Science, Space, Health & Robotics News - Page 357
The Pentagon has been building itself some robots, with a new Terminator-like rescue robot that would be deployed into disaster situations, where it would search for survivors.
The 6-foot 2-inch robot named Atlas is one of the entrants in a contest that is designed to build a robotic hero, thanks to the Defense Advanced Research Projects Agency (DARPA). The competition sees entrants' robots capable of finding their way through rough terrain and entering buildings. The competition was created after the magnitude-9 earthquake in Japan which crippled the Fukushima nuclear plant and sent a tsunami into the country.
DARPA is The Pentagon's go-to research department, which has just shown off its Atlas robot - featuring LED lighting, but was switched off and simply in a "static" display for the competition. Head of DARPA's Tactical Technology Office, Brad Tousley, told US Defense Secretary Chuck Hagel that Hollywood has portrayed an unrealistic expectation in peoples' minds about what robots are capable of - at least at this point in time.
Wireless power is something I simply can't live without, but I can only charge one or two devices at once. But, over in Daejeon, Republic of Korea, scientists have used something they call the Dipole Coil Resonant System to charge 40 smartphones simultaneously, even if the power source is up to 5m away.
We already know about MIT's Coupled Magnetic Resonance System (CMRS) which was unveiled in 2007, which used a magnetic field in order to charge devices - but it had an envelope of 2.1m. CMRS had some major technical limitations for commercialization, most of which haven't been solved: "a rather complicated coil structure (composed of four coils for input, transmission, reception, and load); bulky-size resonant coils; high frequency (in a range of 10 MHz) required to resonate the transmitter and receiver coils, which results in low transfer efficiency; and a high Q factor of 2,000 that makes the resonant coils very sensitive to surroundings such as temperature, humidity, and human proximity".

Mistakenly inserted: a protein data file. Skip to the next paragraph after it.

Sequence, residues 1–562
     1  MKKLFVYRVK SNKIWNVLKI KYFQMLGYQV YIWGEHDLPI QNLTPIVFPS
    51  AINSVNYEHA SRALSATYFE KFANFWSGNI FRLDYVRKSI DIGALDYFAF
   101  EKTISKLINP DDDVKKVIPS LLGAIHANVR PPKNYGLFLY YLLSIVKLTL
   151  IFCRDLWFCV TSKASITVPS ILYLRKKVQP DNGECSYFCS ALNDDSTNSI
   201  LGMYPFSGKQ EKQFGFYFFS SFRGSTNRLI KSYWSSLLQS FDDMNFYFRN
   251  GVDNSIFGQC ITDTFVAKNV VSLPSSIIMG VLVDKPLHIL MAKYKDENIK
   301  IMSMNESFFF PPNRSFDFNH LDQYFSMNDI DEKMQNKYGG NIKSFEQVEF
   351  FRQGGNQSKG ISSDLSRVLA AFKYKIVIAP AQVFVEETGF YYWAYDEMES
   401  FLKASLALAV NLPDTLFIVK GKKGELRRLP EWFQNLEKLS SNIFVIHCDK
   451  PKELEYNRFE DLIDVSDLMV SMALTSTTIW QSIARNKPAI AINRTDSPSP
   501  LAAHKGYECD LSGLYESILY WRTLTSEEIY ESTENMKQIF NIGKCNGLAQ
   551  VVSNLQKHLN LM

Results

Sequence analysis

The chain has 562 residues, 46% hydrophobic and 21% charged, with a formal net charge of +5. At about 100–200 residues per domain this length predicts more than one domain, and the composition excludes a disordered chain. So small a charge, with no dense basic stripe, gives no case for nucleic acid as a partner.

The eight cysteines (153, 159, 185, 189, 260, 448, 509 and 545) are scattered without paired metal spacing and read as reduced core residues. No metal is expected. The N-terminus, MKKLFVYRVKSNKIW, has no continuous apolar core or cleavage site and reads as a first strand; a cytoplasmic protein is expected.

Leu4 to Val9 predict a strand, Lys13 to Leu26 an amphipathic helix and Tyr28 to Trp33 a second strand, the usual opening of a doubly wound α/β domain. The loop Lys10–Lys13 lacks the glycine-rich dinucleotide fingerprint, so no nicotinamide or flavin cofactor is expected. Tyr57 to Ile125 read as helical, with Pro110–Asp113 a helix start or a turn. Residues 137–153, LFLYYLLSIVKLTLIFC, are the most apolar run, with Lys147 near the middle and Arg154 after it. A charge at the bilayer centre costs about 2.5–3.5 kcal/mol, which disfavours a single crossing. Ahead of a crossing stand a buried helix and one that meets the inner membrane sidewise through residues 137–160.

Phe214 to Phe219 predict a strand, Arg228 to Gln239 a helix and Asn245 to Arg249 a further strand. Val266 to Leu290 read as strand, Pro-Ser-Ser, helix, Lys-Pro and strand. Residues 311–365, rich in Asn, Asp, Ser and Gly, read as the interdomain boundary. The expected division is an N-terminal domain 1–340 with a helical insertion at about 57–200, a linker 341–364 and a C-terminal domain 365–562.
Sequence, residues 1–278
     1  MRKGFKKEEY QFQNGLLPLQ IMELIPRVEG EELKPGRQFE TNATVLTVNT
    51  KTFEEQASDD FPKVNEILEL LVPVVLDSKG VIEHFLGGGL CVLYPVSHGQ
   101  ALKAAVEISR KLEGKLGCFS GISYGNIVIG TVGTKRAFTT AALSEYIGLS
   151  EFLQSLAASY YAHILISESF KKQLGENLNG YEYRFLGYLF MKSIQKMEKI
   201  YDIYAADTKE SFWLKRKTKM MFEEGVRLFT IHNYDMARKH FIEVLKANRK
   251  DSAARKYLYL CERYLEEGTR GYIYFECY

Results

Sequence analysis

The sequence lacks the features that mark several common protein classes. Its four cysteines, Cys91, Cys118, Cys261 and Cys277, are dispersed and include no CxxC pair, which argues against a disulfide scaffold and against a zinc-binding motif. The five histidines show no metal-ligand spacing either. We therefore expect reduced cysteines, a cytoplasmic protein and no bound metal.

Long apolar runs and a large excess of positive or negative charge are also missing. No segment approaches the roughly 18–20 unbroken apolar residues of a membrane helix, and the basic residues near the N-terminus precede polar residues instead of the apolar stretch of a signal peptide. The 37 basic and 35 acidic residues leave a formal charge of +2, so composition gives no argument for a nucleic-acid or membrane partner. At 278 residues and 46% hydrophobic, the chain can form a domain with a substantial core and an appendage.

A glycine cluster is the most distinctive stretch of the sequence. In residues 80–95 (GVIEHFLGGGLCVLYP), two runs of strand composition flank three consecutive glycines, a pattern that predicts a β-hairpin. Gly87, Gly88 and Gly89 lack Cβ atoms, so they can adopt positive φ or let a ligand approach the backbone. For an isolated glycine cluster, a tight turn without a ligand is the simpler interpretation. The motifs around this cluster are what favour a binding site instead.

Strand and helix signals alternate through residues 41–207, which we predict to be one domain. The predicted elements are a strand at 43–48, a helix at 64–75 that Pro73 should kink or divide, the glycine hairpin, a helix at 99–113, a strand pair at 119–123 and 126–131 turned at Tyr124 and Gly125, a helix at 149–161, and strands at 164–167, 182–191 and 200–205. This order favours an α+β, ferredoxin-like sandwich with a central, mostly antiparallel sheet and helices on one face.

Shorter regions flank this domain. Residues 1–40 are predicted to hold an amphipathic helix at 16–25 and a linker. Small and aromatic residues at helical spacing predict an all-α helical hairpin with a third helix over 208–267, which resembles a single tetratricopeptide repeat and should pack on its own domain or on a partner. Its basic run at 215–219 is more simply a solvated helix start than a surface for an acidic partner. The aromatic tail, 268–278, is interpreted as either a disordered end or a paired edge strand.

Chun T. Rim, a Professor of Nuclear & Quantum Engineering at KAIST, along with his team, developed the "Dipole Coil Resonant System" or DCRS. This system is for an extended range of inductive power transfer, at up to 5 meters between transmitter and receiver coils. Professor Rim's solution to CMRS' problems are all but solved with DCRS.
The technology is capable of powering "a large LED TV as well as three 40 W-fans can be powered from a 5-meter distance" according to to Professor Rim. He continues: "Our technology proved the possibility of a new remote power delivery mechanism that has never been tried at such a long distance. Although the long-range wireless power transfer is still in an early stage of commercialization and quite costly to implement, we believe that this is the right direction for electric power to be supplied in the future. Just like we see Wi-Fi zones everywhere today, we will eventually have many Wi-Power zones at such places as restaurants and streets that provide electric power wirelessly to electronic devices. We will use all the devices anywhere without tangled wires attached and anytime without worrying about charging their batteries".
In something that feels like it's right out of HBO's 'True Blood,' we're looking at a future of artificial blood, mass manufactured on an industrial scale - in the near future.
Wellcome Trust is behind the research, with scientists working on getting to the point of reaching a trial stage of using artificial blood made from human stem cells. Principal researcher, Marc Turner, has said that his team has made red blood cells that are capable of being used in a clinical transfusion. Professor Turner has talked of a technique to culture red blood cells from induced pluripotent stem (iPS) cells - cells that have been taken from humans, and 'rewound' into stem cells.